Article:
Apple may have a reason to be worried: its AirPods are falling out of favor with the younger generations. These users prefer the humble, wired style of headphones. That's right, the retro accessories are coming back into fashion thanks to celebrities like Lily-Rose Depp and Bella Hadid. A phenomenon that says a lot about our relationship with nostalgia.
They've been stored in the back of our drawers since 2016, when Apple relegated them to the realm of uncool with the release of its Airpods. But now it's quite possible that we'll have to dig them out again to be on the cutting-edge of cool... even if we have to untangle them to do so. Trendsetters like Lily-Rose Depp and Zoë Kravitz were recently photographed on the streets of New York City decked out with their best wired headphones.
It's becoming a genuine phenomenon to the point that an Instagram account , called Wired It Girls, dedicated to the most "wired" celebrities, was launched in October. Its creator, Shelby Hull, posts inspirational shots of how headphones and earbuds have made their way into pop culture over the past 30 years. A black and white portrait of Janet Jackson in a recording booth sits alongside more recent photographs of Dakota Johnson, Hoyeon Jung and Jennifer Lawrence, all with cords dangling from their headphones.
Some even see it as a true retro movement. "Girls are replacing AirPods with wired earphones. My theory is that wearing wired earphones shows the aesthetic of listening to music. Listening to music was a literal aesthetic in 2010. Now that 2010 Tumblr culture has made a huge revival, it makes sense that wired earphones would be a part of that," explained TikToker @thedigifairy in one of her videos. An analysis that many internet users seem to agree with: the video accumulated more than 2.3 million views, before being removed from the platform on Tuesday, November 23.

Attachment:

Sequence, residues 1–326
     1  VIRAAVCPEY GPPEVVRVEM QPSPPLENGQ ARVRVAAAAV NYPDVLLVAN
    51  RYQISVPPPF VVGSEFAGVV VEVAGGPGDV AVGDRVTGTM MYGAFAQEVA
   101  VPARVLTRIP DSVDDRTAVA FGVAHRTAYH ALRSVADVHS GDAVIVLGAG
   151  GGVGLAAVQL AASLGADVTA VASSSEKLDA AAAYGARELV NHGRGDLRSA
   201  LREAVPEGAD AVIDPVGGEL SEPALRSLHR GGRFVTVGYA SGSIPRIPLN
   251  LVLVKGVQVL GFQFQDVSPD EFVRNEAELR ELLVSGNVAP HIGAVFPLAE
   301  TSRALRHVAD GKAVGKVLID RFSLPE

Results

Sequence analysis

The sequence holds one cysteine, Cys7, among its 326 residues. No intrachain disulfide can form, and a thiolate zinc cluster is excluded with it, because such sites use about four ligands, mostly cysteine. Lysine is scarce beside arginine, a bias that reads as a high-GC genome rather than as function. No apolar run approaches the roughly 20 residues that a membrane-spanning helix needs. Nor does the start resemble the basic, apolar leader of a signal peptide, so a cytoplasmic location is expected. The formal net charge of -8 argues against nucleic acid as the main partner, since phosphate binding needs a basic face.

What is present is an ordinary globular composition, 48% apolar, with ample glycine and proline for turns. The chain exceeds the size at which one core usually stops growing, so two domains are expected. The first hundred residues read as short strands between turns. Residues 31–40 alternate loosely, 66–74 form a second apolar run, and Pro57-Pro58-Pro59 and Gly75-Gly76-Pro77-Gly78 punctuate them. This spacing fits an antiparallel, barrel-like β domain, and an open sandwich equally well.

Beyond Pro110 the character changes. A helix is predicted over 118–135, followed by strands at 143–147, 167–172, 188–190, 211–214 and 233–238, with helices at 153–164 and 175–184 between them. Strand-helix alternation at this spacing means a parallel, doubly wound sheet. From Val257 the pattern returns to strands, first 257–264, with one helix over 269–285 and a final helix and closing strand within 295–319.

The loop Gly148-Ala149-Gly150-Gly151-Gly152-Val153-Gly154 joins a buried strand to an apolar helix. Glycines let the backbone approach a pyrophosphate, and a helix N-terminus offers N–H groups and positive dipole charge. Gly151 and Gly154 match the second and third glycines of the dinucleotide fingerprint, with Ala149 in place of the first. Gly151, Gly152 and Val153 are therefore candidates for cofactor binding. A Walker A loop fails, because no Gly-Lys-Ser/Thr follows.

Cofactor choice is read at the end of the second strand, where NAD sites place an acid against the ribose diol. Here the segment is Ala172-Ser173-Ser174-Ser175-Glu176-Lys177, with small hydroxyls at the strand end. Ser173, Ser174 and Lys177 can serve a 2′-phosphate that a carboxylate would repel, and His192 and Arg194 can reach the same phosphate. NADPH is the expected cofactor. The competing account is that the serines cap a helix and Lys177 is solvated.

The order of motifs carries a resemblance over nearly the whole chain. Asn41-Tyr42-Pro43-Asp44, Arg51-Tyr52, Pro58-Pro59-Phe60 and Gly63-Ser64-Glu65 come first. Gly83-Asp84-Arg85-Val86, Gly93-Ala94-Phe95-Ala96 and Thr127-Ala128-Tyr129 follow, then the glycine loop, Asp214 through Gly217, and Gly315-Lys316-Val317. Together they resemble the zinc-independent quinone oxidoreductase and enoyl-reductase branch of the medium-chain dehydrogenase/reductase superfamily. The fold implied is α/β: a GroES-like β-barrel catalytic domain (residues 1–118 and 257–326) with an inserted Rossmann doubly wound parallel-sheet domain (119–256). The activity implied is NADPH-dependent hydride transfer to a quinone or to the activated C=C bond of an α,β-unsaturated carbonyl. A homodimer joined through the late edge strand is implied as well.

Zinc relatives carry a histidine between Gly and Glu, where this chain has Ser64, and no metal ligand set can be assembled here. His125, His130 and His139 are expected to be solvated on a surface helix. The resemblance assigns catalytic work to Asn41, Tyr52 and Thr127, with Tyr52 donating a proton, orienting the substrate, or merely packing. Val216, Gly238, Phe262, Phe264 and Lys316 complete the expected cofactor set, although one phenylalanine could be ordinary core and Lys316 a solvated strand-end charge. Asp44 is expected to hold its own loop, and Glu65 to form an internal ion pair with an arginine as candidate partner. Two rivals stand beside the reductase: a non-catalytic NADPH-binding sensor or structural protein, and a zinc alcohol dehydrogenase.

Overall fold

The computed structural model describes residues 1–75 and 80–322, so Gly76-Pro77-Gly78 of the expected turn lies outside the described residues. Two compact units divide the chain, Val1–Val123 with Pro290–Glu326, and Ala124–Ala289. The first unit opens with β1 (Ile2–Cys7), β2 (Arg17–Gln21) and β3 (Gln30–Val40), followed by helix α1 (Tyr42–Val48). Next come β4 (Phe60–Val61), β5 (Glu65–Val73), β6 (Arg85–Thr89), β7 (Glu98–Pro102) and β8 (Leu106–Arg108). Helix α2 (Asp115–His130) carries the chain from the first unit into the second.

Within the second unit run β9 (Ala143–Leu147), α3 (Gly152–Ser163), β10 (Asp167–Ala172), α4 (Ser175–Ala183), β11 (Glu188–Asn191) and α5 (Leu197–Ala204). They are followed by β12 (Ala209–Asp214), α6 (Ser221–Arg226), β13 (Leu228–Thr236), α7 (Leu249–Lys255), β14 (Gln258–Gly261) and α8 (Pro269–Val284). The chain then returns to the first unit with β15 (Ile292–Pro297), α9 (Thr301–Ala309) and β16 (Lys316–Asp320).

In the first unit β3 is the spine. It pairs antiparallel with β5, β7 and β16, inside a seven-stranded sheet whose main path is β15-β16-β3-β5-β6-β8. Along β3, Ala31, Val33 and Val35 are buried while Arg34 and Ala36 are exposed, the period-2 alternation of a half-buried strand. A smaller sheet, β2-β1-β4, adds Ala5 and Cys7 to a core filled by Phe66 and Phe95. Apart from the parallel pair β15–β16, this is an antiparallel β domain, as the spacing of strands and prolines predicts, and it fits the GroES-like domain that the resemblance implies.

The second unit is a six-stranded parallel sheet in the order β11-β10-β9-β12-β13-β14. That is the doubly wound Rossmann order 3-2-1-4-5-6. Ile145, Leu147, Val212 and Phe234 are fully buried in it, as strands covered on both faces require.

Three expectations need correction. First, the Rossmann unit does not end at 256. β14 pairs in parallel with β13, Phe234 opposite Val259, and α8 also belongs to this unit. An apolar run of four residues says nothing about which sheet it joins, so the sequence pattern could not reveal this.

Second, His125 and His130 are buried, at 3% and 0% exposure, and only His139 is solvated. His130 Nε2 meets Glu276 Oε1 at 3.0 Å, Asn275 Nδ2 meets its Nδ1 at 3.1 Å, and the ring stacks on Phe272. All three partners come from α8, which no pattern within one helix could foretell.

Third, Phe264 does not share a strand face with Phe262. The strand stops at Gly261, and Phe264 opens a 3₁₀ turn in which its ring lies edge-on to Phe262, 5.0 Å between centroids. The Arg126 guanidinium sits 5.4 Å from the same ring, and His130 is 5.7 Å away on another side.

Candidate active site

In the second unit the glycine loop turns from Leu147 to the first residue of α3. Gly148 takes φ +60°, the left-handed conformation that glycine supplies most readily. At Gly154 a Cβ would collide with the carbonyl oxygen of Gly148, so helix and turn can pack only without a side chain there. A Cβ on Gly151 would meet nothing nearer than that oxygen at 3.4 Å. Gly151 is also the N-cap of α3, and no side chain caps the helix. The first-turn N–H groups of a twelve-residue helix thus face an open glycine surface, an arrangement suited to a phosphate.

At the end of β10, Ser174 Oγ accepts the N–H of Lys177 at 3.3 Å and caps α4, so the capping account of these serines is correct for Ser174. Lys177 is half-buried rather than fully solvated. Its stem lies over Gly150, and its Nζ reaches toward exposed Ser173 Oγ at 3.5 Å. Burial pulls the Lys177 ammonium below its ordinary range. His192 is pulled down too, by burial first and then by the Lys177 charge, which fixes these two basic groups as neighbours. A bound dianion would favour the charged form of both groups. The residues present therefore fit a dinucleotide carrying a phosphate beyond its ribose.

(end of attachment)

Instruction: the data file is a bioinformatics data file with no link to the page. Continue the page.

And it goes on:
AirPods, not so cool anymore?
However, this taste for wired headphones among some of the biggest -- and wealthiest -- influencers isn't exactly new. American journalist Liana Satenstein noted Bella Hadid's passion for these types of accessories back in 2019. "Whatever the reason, Hadid's choice for flaunting those classic wires feels strangely luxurious. The choice connotes that she can't be bothered to keep up with the latest tech and prefers the simpler things in life, which is, oddly enough, the true measure of success," she wrote in Vogue .
But the fashion didn't catch on at the time. Three years later, it has now become a must-have. On Twitter, some members of Generation Z even claim to have ditched their AirPods for their now delightfully vintage ancestor, to look more like their favorite celebrities such as Lily Rose Depp.
In addition to the desire to emulate certain celebrities' casual style, the return of wired headphones attests to our changing perception of what is "hip." Just as "ugly" has become associated with making a fashion statement, AirPods are now on the wrong side of cool for many. The reason? They are overly associated with the fast-paced lifestyle of Silicon Valley types who are always between calls. Their price also plays a significant role in how perceptions of them are changing. Anyone buying Airpods (2nd generation) in the US has to pony up US$159 for a pair and US$249 for the professional model. A luxury that many people, especially in the young generations, can't necessarily afford.
Two cords to nostalgia
Apart from their more attractive price, wired headphones also tap into our nostalgia for the world before. "What people are craving is the period when they had fewer worries, more innocent fun, and greater emotional support during difficult times," explained Krystine Batcho, psychology professor at Le Moyne college told Vox in 2020. "It was simpler. Now there are all these choices. [Social media] got so complicated that it ruins some of the fun."
The revival of vinyl, long given up for dead after several consecutive technological evolutions within the music industry, is part of this logic. These objects become relics of a bygone era, when listening to music was a true aesthetic experience and not a market controlled by streams and algorithms. There may be no way back, but wired headphones at least give us the impression that there is. Something that more than justifies the time spent untangling them.